Originally published in the CERN Bulletin.
ISOLDE is getting an energy boost. The first cryomodule of the new superconducting linear accelerator HIE-ISOLDE (High Intensity and Energy ISOLDE), located downstream of the REX-ISOLDE accelerator, increases the energy of the radioactive ion beams from 3 to 4.3 MeV per nucleon. It supplies the Miniball array, where an experiment using radioactive zinc ions (see box) began at the end of October.
This is the first stage in the commissioning of HIE-ISOLDE. The facility will ultimately be equipped with four cryomodules that will accelerate the beams to 10 MeV per nucleon. Each cryomodule has five accelerating cavities and a solenoid, which focuses the beam. All of these components are superconducting.
This first beam is the result of eight years of development and manufacturing. One of the major challenges was the construction of the cavities. The HIE-ISOLDE cavities are made of copper coated with a thin layer of niobium, a superconducting material. This technology, which had been used for the LEP and then for the LHC, had to be adapted to the more complex geometry of a quarter-wave cavity. “The production line for this type of superconducting cavity is now fully operational at CERN,” says Walter Venturini Delsolaro, the deputy project leader (BE/RF). To date, ten cavities have been qualified for installation in the accelerator.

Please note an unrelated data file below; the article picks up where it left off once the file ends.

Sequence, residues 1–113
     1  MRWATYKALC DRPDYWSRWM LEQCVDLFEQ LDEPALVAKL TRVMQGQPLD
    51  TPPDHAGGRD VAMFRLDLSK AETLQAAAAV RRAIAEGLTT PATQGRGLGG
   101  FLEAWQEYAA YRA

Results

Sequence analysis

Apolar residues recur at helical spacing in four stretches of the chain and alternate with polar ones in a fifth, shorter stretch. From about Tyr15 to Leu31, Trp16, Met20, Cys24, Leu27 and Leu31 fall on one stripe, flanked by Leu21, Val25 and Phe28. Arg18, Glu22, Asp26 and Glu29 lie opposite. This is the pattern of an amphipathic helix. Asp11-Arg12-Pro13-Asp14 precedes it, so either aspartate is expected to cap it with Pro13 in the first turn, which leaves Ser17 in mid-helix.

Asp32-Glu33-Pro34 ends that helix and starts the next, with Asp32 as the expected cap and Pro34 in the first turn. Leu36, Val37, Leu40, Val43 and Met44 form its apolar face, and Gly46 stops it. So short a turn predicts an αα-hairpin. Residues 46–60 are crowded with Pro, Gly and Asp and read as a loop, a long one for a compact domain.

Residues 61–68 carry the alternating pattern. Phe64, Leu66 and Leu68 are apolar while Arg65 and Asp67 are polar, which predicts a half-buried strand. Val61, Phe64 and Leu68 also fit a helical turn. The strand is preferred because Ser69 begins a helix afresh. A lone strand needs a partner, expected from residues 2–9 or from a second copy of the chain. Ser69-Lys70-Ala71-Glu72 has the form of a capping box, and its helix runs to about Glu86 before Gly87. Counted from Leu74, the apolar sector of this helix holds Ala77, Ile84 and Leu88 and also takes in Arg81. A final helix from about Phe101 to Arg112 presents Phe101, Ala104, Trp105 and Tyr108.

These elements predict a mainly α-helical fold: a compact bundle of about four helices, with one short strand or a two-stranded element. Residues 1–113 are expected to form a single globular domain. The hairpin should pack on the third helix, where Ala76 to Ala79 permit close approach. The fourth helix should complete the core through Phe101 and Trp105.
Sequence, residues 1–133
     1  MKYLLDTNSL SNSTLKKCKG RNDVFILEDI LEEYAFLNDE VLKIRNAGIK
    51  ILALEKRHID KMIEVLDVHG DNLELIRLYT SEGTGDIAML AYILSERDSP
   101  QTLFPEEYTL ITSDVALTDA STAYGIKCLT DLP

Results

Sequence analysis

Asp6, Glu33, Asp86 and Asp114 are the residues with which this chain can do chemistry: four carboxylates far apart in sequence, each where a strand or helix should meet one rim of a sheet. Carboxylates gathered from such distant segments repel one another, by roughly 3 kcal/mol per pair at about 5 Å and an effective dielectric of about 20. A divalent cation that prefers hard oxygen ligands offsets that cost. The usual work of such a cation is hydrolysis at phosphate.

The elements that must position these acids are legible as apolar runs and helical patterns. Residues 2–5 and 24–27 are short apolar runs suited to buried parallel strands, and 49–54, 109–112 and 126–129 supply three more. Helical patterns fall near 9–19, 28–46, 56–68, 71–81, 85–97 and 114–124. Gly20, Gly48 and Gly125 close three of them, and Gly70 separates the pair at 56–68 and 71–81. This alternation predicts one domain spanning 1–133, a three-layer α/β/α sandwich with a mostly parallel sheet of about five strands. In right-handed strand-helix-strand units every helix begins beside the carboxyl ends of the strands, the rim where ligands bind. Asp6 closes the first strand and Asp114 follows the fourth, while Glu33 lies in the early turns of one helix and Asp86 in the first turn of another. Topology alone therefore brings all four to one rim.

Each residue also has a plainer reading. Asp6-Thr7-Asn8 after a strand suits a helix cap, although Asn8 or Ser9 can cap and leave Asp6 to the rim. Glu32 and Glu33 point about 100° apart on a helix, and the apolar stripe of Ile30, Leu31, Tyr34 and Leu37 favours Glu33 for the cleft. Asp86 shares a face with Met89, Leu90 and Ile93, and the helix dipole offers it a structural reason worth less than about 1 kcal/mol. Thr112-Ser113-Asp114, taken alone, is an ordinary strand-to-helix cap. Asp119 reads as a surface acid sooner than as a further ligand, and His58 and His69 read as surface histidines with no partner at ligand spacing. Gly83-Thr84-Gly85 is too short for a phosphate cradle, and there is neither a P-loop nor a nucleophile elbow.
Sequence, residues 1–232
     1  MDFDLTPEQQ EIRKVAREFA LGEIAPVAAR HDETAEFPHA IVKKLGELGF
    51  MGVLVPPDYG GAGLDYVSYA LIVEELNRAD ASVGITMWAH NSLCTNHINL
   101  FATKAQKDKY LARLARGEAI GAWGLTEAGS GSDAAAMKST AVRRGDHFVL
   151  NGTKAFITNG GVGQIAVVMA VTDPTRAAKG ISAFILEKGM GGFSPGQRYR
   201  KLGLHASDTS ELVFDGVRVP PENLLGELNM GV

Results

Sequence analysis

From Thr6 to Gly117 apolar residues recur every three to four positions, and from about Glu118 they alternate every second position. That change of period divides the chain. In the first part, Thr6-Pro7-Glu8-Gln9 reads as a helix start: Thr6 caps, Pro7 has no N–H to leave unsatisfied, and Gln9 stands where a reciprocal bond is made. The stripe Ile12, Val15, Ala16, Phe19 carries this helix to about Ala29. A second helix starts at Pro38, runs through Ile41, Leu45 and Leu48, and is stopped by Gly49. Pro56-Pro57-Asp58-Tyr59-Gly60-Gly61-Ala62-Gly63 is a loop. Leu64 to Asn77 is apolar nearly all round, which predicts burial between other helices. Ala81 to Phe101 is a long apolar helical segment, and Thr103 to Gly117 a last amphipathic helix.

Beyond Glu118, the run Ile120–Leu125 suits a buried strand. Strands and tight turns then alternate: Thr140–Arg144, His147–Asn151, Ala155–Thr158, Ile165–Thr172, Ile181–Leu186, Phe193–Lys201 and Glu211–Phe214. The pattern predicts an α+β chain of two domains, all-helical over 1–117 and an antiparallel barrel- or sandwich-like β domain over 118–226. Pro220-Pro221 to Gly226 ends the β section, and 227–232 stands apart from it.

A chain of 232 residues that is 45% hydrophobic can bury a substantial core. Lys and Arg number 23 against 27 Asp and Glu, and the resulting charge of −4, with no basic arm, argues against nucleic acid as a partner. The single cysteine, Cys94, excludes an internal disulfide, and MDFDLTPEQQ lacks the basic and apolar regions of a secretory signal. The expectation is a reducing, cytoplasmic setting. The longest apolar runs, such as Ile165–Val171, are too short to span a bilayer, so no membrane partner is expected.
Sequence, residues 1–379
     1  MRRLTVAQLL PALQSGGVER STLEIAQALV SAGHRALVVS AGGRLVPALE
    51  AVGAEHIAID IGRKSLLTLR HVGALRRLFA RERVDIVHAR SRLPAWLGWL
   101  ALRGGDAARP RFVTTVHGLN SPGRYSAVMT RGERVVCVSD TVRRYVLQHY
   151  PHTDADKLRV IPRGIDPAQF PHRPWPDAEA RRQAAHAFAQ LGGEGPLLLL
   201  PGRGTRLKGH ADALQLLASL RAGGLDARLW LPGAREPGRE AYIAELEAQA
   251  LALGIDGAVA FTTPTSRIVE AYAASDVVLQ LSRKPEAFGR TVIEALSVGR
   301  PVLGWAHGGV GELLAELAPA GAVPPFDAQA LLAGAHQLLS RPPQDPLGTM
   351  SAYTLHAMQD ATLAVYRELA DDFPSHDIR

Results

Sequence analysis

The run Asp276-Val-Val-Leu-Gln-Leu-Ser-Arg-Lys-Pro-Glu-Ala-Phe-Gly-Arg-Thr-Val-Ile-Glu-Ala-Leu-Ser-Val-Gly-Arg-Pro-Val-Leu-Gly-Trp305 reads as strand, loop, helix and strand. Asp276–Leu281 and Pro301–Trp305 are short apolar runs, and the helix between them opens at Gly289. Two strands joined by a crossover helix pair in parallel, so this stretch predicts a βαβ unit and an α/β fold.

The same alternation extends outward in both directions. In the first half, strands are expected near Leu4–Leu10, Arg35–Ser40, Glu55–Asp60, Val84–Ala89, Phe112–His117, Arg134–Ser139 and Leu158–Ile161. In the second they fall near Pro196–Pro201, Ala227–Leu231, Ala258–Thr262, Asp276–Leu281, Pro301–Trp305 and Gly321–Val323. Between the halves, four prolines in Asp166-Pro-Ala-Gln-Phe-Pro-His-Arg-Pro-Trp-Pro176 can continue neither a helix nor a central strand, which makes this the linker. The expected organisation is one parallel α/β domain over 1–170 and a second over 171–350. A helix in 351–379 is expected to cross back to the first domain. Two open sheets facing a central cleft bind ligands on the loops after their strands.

Assembling the cryomodule also presented a challenge. Unlike the LHC cryomodules, for example, in which the internal surfaces of the cavities are isolated from the other components, all the elements of the HIE-ISOLDE cryomodule are located in the same vacuum. The cryomodule is therefore more compact, which is essential given the limited space in the ISOLDE building. “Each cryomodule has around 10,000 components,” says Yacine Kadi, the project leader (EN/HDO), “and none of them, not even the smallest screw, can be allowed to compromise the cleanliness of the whole machine.” Materials have been specially chosen to ensure that the components can be perfectly cleaned and that the quality of the vacuum is not degraded while the machine is running. A class ISO5 cleanroom was purpose-built for the assembly of the cryomodules.
An innovative system for aligning the components in the cryomodule using a laser has been developed by the survey team. “This system enables us to observe the position of the components remotely and, if necessary, to adjust it without opening the cryomodule,” explains Venturini Delsolaro.
After a delicate assembly phase in the cleanroom, the first cryomodule was transported to the ISOLDE hall on 2 May and coupled to the existing REX-ISOLDE accelerator. The hardware commissioning began in the summer, and was followed in September by the first tests with stable beam, culminating in the acceleration of the first radioactive beam on 22 October. HIE-ISOLDE will run for a total of five weeks this year. During ISOLDE’s technical stop between December 2015 and April 2016, another cryomodule will be coupled to the first, increasing the energy to 5.5 MeV per nucleon. Two other cryomodules will be produced from mid-2016 onwards, bringing the final energy to 10 MeV per nucleon for the heaviest nuclei available at ISOLDE.